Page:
Hi everyone! So usually when I post cosplay-related posts, I’m posting the finished costume PLUS all the work involved. This year I want to step back and really break out the costume process into parts, and focus on sharing in small parts how I make costumes. Because honestly, it usually takes months and I tackle separate pieces individually.
So! McCree is my first project of 2018. Part I will cover: Gun, Hat, and Serape. Lets go!
This was pretty straight-forward. The raw 3d print was a gift for Christmas, so I didn’t print it myself. It’s pieced together using screws provided from the etsy seller. The barrel actually twists out, which is a neat feature.
All pieces were primed and sprayed silver, then individually painted with acrylics before assembling together with the screws and a generous amount of epoxy.
I bought this hat from Amazon and immediately removed the ribbon around it. I replaced it with a thicker band of upholstery faux leather from Jo-Anns and hot glued it down.
The emblem on the front was also purchased before my 3D printer, and was found on etsy. After being painted and weathered, it was glued on.
The gold eyelets were painted over with brown, and I attached bullets I bought on etsy (bullets were painted and weathered at the same time as the emblem). Everything is hot-glued on this hat…watch out for glue strings!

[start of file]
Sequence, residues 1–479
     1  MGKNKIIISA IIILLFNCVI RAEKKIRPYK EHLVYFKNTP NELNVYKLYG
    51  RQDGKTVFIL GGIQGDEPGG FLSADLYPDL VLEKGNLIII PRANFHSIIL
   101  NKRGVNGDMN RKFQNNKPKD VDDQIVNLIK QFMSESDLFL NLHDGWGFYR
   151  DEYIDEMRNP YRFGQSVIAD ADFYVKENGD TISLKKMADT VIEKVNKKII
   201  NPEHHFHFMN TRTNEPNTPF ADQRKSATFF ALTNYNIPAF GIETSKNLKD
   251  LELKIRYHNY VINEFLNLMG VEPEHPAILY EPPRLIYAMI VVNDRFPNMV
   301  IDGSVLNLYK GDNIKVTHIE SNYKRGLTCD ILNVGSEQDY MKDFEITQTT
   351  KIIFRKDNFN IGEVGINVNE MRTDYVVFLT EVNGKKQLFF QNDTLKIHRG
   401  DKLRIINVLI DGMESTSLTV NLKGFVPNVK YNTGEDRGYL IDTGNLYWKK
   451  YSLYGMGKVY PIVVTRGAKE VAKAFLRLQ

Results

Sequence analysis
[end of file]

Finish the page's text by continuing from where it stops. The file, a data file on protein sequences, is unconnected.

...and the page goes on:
I was REALLY excited about this belt buckle, since I was going to design and 3d print it.
The print itself was first drawn in illustrator. The design of the buckle was fairly simple, and didn’t have a lot of raised edges. The rectangle shape, letters, and outer “lip” were all exported separately as .svg files. They were uploaded into tinkercad (which was a process to learn, let me tell you) and shaped into the correct size. Once that was complete, I printed it on my NEVA 3d printer!
Once it was printed, I filled in the small gaps the printer left with gesso, primed, and painted it gold. I weathered it with some black paint. I haven’t actually added it to his belt yet :)
Despite a serape literally being one piece of fabric, the pattern for this was quite hard and took over half a day to get right. It ended up being 2 pieces; a square with a neck hole and a taped cowl neck that goes over the larger piece. Doing it this way made it more accurate to the drape McCree actually has. (I want to be completely honest here; I went through 4 yards of muslin and 4 patterns before I was happy with this).
The fabric is a bright red, stiff fabric that I found in the bargain loft of my local fabric store…I wish I knew exactly what it was. It could almost be an outdoor upholstery fabric.
I finished the bottom edges with gold edging that I had leftover from a previous project…it’s actually the “wrong” side of the fabric.
The pattern stumped me more…and required a lot of math. I measured one side of the serape and left ~2″ off each end for the weird spacing on the pattern. I divided that by 5 (the number of shapes on each side) and drew out a pattern piece. It’s a little over 1″ wide. That was chalked onto the serape and taped over.
I used a regular gold fabric paint for the “hexagons” and mixed white and gold for the triangles.
For weathering, I sat with brown paint and water and hand added in spots to make the serape feel used/like McCree was actually using it in fights.
So that’s part 1 of McCree, done! I hope this helps you out…keep your eyes out for part 2, which will be his mechanical arm!